Local Govt | National News Video | Parliament Headlines | Politics Headlines | Search

 


Study shows the reality for “vital” quake responders

OU Media Release

Study shows the reality for “vital” Christchurch quake responders

Friday 23 November 2012

Front-line rescue workers in Christchurch put their own needs and those of their families to one side to play a vital role during the Christchurch earthquakes and aftershocks, early results from a study into the occupational health of 600 emergency workers shows.

Some preliminary findings from the joint University of Otago’s Department of Preventive and Social Medicine and AUT University study of 600 frontline workers in Christchurch have been released today as a result of recent review processes that have been critical of the emergency response.

The researchers, who spoke to many of these workers, say they took this unusual step (the study is not due to be completed until 2015) because they are concerned that the representation of these workers has been narrow, at times lacking perspective, and potentially undermining for people who respond in emergencies.

“Front line workers in Christchurch and those who flew in to assist them faced risks and challenging circumstances. All of the participants in our study did their very best and employed skills that saved lives. This should be acknowledged and remembered,” says Associate Professor David McBride, the principal investigator from Otago.

Otago researcher Dr Kirsten Lovelock, a senior research fellow and co-investigator from the Department of Preventive and Social Medicine, has met many of these workers.

“All of the workers I spoke to not only responded to the best of their ability and within the very real constraints posed by this natural disaster, but our preliminary results make it clear they also experienced what we call dual jeopardy,” she says.

“Many had no time to contact their own families, lost their homes and their workplaces, had family and friends who were injured and are still experiencing a range of issues just as many other people in Christchurch are.

“Despite this, these workers continued to respond - working and helping others in the days, months and weeks that have followed and in addition to their quake-related response they also continued and continue to respond to a range of daily emergencies.”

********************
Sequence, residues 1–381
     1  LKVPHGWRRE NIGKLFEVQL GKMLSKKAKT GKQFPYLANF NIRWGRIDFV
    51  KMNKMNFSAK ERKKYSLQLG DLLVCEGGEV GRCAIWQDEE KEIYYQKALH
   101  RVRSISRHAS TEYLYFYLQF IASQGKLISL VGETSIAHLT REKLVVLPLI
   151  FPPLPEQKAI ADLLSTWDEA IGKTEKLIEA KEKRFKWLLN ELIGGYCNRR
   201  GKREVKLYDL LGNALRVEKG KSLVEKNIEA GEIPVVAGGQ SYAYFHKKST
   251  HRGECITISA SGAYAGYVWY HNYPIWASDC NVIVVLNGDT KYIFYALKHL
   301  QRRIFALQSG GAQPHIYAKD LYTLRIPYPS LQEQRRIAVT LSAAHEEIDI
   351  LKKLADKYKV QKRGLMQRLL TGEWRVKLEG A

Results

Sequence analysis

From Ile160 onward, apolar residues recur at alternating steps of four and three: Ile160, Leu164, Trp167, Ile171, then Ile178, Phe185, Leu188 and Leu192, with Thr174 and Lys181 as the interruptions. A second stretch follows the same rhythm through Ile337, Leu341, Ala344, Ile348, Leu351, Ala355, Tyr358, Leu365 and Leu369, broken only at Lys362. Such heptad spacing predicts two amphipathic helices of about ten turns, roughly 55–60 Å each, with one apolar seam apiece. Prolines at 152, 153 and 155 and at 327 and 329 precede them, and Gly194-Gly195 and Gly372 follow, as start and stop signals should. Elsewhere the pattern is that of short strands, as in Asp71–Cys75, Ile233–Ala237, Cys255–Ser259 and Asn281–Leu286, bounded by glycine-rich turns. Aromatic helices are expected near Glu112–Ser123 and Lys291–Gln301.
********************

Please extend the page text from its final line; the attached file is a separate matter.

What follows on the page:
She adds that frontline workers are vulnerable to a range of occupational health conditions related to the risks they face in their daily working lives and responding in times of disaster is known to impact on the health of these workers.

“It would be a shame if criticism with the benefit of hindsight spurred by a desire to “make things better” was to overshadow what these workers did achieve under very challenging circumstances or worse undermine those who performed vital services during this time,” says Dr Lovelock.

“While it is important to consider how things can be improved it is also very important to remember this was a natural disaster and front line workers worked very hard to help people under very difficult circumstances.”

The study began last November (2011) and is funded by the Health Research Council of New Zealand in partnership with the Canterbury Medical Research Foundation.

ends

© Scoop Media

 
 
 
 
 
Parliament Headlines | Politics Headlines | Regional Headlines

 

Gordon Campbell: On Bank Scandals (And Air Crashes)

Last month, the Australian Securities and Investment Commission (ASIC) filed proceedings against Westpac over activities that have some distinct echoes of the Libor scandal. More>>

Budget: Health Funding Must Keep Up With Need

NZNO: “The nursing team has been doing more with less for years. It’s getting to the point that we’re really worried about our colleagues, our patients, our jobs and the level of health care available for people in our country." More>>

ALSO:

Emissions Inventory: Time For The Government To Do The Right Thing

It’s time for the National Government to step up and do the right thing to reduce climate pollution as data shows New Zealand’s greenhouse gas emissions are higher than ever, the Green Party said today. More>>

ALSO:

Budget 2016: More Partnership Schools To Open

Seven new schools will join the eight Partnership Schools already open, along with further new schools opening in 2017. “The growth of this policy is a reflection of the high level of interest from educators and community leaders,” Mr Seymour says. More>>

ALSO:

No Correspondence With English: Did Brownlee Make Up Sale Of Navy Ships ‘On The Hoof?’

Having revealed that several Royal New Zealand Navy vessels have not left port in years, New Zealand First is now asking the Minister of Defence to prove he did not come up with the idea of selling HMNZS Taupo and Pukaki until the media asked him. More>>

Housing Plans: Labour- Abolish Auckland Urban Boundary
The Government should rule out any possibility of an urban growth boundary in Auckland Council’s Unitary Plan if it is serious about fixing the housing crisis. More>>
Greens - State House Solution
The Homes Not Cars policy allows Housing New Zealand to retain its dividend and, in addition, would refund its tax, to spend on the emergency building of around 450 new state houses. More>>

ALSO:

Houses And Taxes: Post-Cabinet, Pre-Budget Press Conference

The Prime Minister said that the pre-budget announcements showed that his Government is “investing in a growing economy”. He re-affirmed the National Government’s commitment to lowering personal tax rates but that any such change must fit with the fiscal reality of the time. More>>

ALSO:

Get More From Scoop

 

LATEST HEADLINES

 
 
 
 
 
 
 
 
 
Regional
Search Scoop  
 
 
Powered by Vodafone
NZ independent news